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The Office of the Legal Services Commissioner (“OLSC”) receives complaints about solicitors and barristers in NSW. The OLSC works as part of a co-regulatory system, together with the Law Society of NSW (professional body for solicitors) and the NSW Bar Association (professional body for barristers) to resolve disputes and investigate complaints about professional conduct.
We want to lead in the development of an ethical legal services market which is fair, accessible and responsive.
To improve consumer satisfaction with legal services through:
- Developing and maintaining effective complaint handling processes
- Promoting compliance with high professional and ethical standards
- Encouraging an improved consumer focus within the profession to reduce causes for complaint
- Promoting realistic community expectations of the legal system
- Problem solving
- Social justice
Who we are
The OLSC was established as a result of a Report in February 1993 by the NSW Law Reform Commission “Scrutiny of the Legal Profession – Complaints Against Lawyers”.
Created by an amendment to the Legal Profession Act 1987, the OLSC commenced operation on 1 July 1994. The OLSC is an independent statutory body and the decisions of its head, the Legal Services Commissioner, can only be challenged through the normal process of administrative law. The Legal Services Commissioner reports to Parliament through the Attorney General.
Legal Services Commissioner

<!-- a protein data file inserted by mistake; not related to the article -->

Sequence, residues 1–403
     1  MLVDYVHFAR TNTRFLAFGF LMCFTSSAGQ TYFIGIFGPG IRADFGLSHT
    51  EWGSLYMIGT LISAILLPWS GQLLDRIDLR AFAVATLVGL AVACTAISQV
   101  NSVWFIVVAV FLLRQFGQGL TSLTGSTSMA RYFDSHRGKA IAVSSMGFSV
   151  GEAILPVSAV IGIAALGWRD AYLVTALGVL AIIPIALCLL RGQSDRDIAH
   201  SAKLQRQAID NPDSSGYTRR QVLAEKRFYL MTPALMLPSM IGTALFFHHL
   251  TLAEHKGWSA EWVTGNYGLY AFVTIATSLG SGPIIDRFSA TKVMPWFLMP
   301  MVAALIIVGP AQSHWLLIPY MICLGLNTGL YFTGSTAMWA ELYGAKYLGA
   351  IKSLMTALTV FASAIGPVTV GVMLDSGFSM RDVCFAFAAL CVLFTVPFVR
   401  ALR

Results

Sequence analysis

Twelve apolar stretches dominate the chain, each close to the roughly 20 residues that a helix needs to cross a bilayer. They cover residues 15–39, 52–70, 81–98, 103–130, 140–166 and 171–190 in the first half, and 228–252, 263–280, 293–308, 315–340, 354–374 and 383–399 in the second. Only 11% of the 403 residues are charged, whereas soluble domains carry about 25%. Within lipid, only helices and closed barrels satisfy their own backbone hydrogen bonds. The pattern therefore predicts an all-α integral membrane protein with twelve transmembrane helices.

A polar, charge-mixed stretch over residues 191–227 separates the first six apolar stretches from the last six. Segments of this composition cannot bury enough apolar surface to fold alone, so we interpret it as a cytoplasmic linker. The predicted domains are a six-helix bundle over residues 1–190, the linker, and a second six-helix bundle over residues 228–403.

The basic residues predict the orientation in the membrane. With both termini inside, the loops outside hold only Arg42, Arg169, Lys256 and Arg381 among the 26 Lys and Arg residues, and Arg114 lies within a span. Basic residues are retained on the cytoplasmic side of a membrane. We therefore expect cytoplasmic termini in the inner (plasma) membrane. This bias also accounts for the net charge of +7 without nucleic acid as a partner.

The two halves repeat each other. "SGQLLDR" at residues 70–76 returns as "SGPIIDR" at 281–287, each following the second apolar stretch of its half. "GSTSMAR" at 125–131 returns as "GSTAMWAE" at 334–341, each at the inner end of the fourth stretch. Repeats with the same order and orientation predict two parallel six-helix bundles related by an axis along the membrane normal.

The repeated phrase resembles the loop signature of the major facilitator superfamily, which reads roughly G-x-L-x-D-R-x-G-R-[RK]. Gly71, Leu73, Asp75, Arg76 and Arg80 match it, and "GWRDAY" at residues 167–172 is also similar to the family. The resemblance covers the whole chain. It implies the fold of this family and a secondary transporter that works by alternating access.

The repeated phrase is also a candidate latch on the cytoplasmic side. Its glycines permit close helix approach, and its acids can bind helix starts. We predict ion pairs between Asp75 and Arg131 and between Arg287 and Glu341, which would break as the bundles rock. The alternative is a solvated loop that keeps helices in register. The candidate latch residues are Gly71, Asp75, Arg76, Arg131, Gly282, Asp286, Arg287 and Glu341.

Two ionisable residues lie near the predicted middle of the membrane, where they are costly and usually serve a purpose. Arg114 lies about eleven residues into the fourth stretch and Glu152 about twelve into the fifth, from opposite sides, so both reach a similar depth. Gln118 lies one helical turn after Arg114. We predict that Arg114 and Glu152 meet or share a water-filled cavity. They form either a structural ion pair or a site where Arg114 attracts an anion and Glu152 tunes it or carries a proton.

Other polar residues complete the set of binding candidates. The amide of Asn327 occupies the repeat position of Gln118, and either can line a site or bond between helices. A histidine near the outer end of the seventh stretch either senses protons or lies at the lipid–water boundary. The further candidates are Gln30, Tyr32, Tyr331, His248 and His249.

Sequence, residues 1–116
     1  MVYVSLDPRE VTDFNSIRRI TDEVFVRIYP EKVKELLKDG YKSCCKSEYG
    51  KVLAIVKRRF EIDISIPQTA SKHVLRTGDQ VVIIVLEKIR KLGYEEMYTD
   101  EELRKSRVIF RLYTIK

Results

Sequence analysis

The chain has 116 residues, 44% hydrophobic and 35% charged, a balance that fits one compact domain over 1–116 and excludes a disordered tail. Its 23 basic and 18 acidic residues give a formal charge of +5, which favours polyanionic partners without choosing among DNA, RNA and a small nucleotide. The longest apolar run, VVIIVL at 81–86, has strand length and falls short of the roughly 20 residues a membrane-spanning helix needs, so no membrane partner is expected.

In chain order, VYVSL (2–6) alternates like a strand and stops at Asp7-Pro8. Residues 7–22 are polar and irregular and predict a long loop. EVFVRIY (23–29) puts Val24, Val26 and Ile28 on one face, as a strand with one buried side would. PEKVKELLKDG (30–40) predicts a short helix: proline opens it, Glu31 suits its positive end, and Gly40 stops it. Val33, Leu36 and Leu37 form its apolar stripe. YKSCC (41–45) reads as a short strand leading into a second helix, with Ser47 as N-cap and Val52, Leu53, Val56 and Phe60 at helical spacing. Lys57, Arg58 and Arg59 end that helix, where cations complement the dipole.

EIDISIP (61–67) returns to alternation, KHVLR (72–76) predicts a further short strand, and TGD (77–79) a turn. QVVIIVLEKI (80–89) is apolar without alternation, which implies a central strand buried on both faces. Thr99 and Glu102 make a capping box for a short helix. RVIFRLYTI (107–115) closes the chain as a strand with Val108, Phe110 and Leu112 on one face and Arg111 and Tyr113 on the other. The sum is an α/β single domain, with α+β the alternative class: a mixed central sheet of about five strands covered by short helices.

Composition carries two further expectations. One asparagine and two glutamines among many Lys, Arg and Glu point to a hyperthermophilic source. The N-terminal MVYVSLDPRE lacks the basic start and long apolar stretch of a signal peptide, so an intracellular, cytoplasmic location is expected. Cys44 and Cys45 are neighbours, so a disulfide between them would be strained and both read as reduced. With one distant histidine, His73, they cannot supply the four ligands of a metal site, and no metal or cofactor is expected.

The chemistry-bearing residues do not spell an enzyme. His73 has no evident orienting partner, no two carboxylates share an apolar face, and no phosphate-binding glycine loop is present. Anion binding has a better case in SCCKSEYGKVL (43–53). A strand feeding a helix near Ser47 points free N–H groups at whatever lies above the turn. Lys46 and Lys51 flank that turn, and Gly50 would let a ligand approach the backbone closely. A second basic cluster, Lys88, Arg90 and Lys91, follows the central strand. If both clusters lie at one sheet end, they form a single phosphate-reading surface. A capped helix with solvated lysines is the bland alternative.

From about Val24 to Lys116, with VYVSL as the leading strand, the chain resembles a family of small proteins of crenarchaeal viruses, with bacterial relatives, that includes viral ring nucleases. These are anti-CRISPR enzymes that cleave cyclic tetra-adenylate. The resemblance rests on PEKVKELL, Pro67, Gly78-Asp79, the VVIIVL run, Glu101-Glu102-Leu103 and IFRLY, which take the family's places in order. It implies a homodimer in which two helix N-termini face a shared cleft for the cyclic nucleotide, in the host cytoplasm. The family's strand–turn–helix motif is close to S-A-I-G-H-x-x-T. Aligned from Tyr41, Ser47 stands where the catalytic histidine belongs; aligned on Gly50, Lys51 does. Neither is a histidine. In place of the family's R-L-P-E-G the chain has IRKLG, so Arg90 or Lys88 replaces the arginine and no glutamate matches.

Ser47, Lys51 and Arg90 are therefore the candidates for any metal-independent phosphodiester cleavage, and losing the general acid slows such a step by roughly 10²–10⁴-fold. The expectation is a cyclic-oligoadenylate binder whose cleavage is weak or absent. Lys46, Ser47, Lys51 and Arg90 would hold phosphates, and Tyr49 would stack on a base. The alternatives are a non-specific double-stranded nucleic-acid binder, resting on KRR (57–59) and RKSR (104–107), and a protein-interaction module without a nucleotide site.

Mr Steve Mark was appointed as the first Legal Services Commissioner and he continues in this role today.
Mr Mark was the President of the NSW Anti-Discrimination Board from 1988 to 1994. He has practised law in Australia and the United Kingdom, specialising in criminal, immigration and human rights law.
What we do
The Commissioner’s office co-regulates legal practitioners with the Law Society of NSW (professional body for solicitors) and the NSW Bar Association (professional body for barristers). The Commissioner is independent of the Professional Associations.
The OLSC’s main role is to ensure that legal practitioners abide by their ethical and other professional obligations when providing services to the public. The OLSC can take disciplinary action against legal practitioners and help resolve problems between practitioners and other members of the community.
The OLSC has produced a series of fact sheets to provide you with information and to help you understand some commonly raised issues.
However, the OLSC cannot
In most cases we will not
- Provide legal advice or representation
- Investigate or change court findings
- Handle complaints about judges or magistrates
Conference of Regulatory Officers
The OLSC, along with the regulatory bodies of Australia and New Zealand, are members of the Conference of Regulatory Officers (CORO). The members are Statutory regulators, professional associations and admitting authorities involved in the regulation of the legal profession in Australia.